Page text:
Surface Treatments In Detail
Brushing usually takes place as part of the manufacturing process, the surface of the planks are roller brushed to remove some of the softer growth rings from the grain. Depending on the level of brushing, this gives a textured surface that gently highlights the natural grain structure.
Distressing is typically achieved by hand or by tumbling the planks in large tanks, giving a used and random appearance. Another distressing method includes machines that scrape and punch the planks as they go through a conveyor belt system although this method will usually show a repeating pattern of distresses which may look unnatural.
Ammonia fuming is a traditional process for darkening and enriching the colour of oak by oxidation. The physical change in appearance is subject to the tannin and other natural content held within the structure of the timber and its interaction with the treatment. It forms an envelope around the surface of the board and depth of penetration will vary subject to the timber structure and exposure, however the outward appearance of the edges could suggest the boards are treated to the core.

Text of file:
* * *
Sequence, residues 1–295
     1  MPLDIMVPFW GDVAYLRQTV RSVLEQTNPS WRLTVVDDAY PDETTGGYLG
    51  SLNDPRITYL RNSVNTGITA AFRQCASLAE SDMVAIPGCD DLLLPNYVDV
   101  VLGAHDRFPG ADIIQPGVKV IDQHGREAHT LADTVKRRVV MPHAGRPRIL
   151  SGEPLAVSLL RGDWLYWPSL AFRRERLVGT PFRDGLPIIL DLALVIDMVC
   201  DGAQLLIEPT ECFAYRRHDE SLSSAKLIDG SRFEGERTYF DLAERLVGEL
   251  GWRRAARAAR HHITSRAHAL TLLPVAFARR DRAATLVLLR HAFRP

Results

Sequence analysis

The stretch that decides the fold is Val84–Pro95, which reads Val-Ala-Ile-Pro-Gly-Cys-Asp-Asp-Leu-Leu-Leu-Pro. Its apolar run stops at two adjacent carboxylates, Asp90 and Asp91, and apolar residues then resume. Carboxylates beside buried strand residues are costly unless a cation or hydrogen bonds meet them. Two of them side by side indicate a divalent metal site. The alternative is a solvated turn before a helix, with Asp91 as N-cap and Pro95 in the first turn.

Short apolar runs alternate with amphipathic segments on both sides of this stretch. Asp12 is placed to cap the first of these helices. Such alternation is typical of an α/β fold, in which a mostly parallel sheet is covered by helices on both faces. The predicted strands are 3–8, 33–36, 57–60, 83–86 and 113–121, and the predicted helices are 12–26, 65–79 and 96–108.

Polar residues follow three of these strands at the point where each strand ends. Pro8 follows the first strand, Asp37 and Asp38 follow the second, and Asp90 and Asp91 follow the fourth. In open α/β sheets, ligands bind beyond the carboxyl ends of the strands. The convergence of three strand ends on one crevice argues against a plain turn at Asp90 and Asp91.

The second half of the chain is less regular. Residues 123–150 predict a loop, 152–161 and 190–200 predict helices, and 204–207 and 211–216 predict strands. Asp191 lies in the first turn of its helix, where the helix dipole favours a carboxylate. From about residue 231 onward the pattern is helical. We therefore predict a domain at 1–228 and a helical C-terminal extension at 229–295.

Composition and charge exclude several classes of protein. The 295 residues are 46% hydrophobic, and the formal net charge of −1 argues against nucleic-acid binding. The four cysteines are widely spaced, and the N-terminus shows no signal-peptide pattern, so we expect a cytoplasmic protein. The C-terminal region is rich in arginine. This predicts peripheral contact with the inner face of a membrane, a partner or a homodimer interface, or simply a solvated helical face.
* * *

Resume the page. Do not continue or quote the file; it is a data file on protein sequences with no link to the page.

Band-sawing usually takes place as part of the manufacturing process, the surface of the planks are notched to create a rough and uneven surface, mimicking the traditional hand-saws used in the pre mechanical era. Machining impressions going across the board will be visible in all areas.
Before modern machinery has taken over, floors were hand scraped on-site to make sure they were flat and smooth. In practice although this method removed the rough grain, it left the floor feel somewhat wavy and uneven. Nowadays the hand-scraping effect is created with special machines.
In thermo-treating, the boards are heated to a high temperature which causes the colour to darken. This method of darkening wood is environmentally friendly as there are no chemicals used during this process, simply heat and steam. The process brings out and accentuates the best grain characteristics of the flooring, and unlike a stain, thermo-treatment changes the colour, creating a deep rich hue running through the entire core of the wood.